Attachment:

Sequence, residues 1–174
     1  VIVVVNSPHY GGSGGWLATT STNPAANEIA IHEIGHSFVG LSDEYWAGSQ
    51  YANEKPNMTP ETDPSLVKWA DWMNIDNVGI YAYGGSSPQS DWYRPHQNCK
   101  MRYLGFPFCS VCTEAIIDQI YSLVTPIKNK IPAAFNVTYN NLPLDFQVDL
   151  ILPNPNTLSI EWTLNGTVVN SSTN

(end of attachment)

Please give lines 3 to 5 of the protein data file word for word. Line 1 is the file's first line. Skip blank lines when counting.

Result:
    51  YANEKPNMTP ETDPSLVKWA DWMNIDNVGI YAYGGSSPQS DWYRPHQNCK
   101  MRYLGFPFCS VCTEAIIDQI YSLVTPIKNK IPAAFNVTYN NLPLDFQVDL
   151  ILPNPNTLSI EWTLNGTVVN SSTN